In both of the district court's orders of June 14 and August 31, he based his default judgment on the defendant's failure to answer the complaint timely, defendant's failure to answer interrogatories in timely fashion, and defendant's failure to file a brief relating to Vac-Air's motion for default of April 14. In regard to the last, the district court docket sheet shows no order having been entered regarding briefs and does not show that Vac-Air filed a brief which the defendant was obliged to answer. Therefore we cannot assess the nature of that default, if there was one. The failure to answer the complaint was followed by a $200 assessment of costs and attorneys' fees, which was paid, and the answer and counterclaim were filed. The answers to written interrogatories, the third ground upon which the default judgment was based, were ultimately submitted one month after they were due. Prior to the default judgment, no order was entered by the district court compelling answers as suggested by Fed.R.Civ.P. Rule 37(a) and (b), but not required by Rule 37(d).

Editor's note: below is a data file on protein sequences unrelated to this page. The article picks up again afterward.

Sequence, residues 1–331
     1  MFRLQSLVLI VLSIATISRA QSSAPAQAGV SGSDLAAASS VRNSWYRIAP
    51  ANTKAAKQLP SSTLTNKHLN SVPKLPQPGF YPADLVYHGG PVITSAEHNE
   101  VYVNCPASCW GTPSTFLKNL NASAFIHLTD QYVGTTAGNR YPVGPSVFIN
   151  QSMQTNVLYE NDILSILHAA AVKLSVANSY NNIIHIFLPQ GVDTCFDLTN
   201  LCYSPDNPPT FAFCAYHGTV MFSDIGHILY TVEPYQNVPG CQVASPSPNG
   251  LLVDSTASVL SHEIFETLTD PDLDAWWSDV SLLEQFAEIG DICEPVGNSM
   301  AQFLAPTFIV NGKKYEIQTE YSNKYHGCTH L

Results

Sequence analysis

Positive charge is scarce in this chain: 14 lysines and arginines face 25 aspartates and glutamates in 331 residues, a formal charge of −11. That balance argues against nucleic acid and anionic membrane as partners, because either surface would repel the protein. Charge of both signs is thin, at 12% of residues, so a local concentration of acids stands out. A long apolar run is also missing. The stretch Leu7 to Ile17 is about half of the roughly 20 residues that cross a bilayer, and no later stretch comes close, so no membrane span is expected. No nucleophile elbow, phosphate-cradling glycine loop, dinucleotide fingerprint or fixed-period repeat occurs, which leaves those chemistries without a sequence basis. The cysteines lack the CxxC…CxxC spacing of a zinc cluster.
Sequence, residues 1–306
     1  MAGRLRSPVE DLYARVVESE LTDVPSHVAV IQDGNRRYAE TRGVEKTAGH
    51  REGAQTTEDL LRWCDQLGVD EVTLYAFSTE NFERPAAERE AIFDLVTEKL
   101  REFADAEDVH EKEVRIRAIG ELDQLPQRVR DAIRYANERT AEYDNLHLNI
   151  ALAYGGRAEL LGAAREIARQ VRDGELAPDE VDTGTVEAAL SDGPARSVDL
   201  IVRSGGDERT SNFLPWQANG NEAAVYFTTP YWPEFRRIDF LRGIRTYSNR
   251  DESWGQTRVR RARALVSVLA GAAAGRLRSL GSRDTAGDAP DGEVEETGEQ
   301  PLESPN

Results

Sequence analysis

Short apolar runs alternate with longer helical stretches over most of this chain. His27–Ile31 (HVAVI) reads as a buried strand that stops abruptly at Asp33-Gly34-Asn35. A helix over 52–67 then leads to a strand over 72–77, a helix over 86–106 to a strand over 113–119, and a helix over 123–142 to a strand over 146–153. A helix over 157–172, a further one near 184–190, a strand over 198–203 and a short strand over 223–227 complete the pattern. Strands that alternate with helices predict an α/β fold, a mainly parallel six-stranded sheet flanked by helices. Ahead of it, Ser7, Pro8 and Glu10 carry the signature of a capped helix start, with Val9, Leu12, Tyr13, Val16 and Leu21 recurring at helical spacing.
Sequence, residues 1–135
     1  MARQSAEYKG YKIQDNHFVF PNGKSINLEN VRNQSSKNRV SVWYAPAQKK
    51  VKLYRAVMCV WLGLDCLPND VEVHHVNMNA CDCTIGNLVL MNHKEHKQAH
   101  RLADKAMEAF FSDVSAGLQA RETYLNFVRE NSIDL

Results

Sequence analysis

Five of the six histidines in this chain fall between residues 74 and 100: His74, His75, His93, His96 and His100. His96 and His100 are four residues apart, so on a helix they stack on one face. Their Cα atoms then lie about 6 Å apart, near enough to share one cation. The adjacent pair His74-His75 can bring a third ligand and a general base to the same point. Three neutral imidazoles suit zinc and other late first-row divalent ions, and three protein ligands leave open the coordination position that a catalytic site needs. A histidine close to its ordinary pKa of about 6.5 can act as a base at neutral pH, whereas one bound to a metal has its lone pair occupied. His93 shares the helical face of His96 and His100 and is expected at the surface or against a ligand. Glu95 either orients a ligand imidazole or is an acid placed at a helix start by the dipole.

In Sapiro v. Hartford Fire Insurance Co., 452 F.2d 215, 216 (7th Cir. 1971), decided after the district court acted in the present case, we pointed out, quoting from other authorities, that the extreme sanction of default or dismissal must be tempered by the careful exercise of judicial discretion to assure that its imposition is merited, and that where an alternative, less drastic, sanction would be just as effective it should be utilized.